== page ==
In an attempt to streamline the tax return process, SARS has implemented a new Auto Assessment System. In the month of August, many non-provisional taxpayers have begun receiving SMS’s notifying them that they have been selected for the process. The SMS will contain a link directing them to the SARS E-Filling app, where they will be able to view their return, the automated result and have the option to ‘Accept’ or ‘Edit’ the outcome.
Returns which have not been ‘Accepted’ or ‘Edited’ by 29 January will be filed automatically.
The move has left many taxpayers feeling confused or unsure of how the process works, so we have compiled a list of must know facts when dealing with the new system.
I’ve clicked on the link in the SMS, what now?
Once the page has loaded, you will see a clickable option ‘Personal Income Tax (ITR12)’, select this option then click on ‘Request Return’
A pop up will then display the automated results, with the exact figure of how much is owed by you (R100), or owed to you (-R100) by SARS.
Looks good, what next?
If you agree with the stipulated amount, all you need to do is select ‘Accept’ followed by ‘Confirm”
What if you don’t agree?
It is important to review the return and ensure that all taxable revenue streams and deductions are accounted for. When speaking to financial practitioners, they noted that the Auto-Assessment failed to account for all taxable revenue streams, resulting in taxpayers receiving less in their returns, or paying more in tax than they should have.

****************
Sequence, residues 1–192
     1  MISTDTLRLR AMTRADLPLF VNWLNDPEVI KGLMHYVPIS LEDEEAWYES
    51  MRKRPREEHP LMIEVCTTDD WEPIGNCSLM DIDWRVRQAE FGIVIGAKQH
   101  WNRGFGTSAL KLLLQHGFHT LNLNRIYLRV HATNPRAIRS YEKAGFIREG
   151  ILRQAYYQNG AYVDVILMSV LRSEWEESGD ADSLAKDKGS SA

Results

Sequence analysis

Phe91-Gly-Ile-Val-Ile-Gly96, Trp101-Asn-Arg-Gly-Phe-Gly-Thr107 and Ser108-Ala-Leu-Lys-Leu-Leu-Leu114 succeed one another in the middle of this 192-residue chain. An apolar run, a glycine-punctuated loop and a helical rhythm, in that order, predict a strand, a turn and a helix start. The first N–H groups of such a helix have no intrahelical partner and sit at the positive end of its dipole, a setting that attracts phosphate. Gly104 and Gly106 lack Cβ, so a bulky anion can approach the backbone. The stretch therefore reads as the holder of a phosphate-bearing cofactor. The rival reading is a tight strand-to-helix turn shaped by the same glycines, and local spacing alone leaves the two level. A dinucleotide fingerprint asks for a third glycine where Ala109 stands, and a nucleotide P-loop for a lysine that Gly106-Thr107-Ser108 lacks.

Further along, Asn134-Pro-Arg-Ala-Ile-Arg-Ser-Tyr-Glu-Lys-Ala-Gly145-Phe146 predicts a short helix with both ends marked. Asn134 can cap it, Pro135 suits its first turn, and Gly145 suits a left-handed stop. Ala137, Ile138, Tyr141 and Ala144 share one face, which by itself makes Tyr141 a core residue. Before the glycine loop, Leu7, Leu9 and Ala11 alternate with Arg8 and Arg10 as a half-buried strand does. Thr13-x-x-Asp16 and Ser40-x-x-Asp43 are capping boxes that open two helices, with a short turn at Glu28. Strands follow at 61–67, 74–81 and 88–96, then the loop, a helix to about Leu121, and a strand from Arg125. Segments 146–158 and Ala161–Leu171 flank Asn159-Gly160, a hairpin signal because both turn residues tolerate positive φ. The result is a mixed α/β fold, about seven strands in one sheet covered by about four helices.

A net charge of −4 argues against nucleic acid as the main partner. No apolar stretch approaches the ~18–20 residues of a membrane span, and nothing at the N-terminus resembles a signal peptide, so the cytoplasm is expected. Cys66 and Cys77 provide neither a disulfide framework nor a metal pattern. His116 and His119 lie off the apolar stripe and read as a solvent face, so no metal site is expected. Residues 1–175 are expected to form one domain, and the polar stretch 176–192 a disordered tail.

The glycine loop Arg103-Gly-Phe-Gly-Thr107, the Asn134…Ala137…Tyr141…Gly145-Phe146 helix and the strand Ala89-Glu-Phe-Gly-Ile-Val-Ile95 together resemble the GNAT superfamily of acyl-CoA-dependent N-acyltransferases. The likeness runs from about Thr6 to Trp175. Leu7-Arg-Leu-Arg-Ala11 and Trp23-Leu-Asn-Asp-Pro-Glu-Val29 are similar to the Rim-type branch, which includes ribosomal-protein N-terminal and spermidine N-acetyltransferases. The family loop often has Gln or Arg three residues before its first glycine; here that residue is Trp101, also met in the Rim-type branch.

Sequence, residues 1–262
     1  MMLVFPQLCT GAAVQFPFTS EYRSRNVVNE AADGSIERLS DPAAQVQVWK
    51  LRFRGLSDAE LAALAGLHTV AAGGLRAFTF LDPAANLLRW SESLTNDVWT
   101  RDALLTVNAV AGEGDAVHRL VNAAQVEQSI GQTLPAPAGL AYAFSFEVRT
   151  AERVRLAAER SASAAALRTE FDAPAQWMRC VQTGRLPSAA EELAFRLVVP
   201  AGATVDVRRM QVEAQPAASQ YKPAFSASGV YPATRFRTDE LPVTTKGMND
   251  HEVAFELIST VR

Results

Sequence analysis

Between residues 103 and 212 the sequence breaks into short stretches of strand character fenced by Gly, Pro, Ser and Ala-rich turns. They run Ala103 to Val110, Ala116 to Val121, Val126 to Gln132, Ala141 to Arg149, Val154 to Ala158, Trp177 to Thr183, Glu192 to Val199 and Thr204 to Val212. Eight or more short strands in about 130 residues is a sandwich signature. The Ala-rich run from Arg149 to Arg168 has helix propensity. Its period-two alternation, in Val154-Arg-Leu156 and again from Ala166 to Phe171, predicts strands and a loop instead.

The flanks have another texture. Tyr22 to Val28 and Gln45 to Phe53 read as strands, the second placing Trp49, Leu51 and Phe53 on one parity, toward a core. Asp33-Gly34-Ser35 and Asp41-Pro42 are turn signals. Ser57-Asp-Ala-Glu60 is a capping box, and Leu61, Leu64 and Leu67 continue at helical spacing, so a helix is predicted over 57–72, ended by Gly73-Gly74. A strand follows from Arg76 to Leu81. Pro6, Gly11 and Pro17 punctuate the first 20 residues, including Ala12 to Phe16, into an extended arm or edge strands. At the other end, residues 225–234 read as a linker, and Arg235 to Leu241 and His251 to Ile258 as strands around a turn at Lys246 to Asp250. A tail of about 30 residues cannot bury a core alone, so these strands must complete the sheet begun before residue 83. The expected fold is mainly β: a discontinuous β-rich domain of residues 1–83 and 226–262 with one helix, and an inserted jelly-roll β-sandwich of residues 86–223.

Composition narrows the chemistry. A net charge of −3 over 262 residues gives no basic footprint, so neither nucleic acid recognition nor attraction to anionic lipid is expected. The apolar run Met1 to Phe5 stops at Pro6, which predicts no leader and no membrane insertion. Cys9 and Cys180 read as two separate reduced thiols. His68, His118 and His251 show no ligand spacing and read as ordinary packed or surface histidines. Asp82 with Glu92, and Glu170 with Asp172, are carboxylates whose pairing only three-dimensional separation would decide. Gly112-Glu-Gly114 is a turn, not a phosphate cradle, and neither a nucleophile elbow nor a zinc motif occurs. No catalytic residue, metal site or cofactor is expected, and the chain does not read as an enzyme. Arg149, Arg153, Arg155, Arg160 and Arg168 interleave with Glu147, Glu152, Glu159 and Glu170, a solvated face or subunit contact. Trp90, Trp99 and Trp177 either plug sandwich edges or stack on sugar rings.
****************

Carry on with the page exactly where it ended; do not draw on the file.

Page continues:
What the auto-assessments doesn’t account for:
- Rental Income
- Business & Trade Income
- Foreign Dividend
- Foreign Interest
- Foreign Capital Gain
- Donations S18A Organisations
- Travel allowance
- Use of company car
- Out of pocket medical expenditure
If you suspect that your return has been calculated incorrectly, the ‘Edit’ option will allow you or your tax practitioner to adjust accordingly, ensuring all revenue streams and deductions are accounted for.
How long does it take to be paid out?
If you agree with conditions of the rebate, you should receive your refund within three working days. If your return has been edited, it will go under review by SARS. There is no stipulated turnaround time for this review as of yet.
As with all new systems and processes, the SARS auto-assessment system has its flaws. It is important to remember that the onus is still on you, the taxpayer, to ensure that your returns are honest, accurate and that all revenue streams are accounted for. This will help ensure that there are no nasty surprises in the future.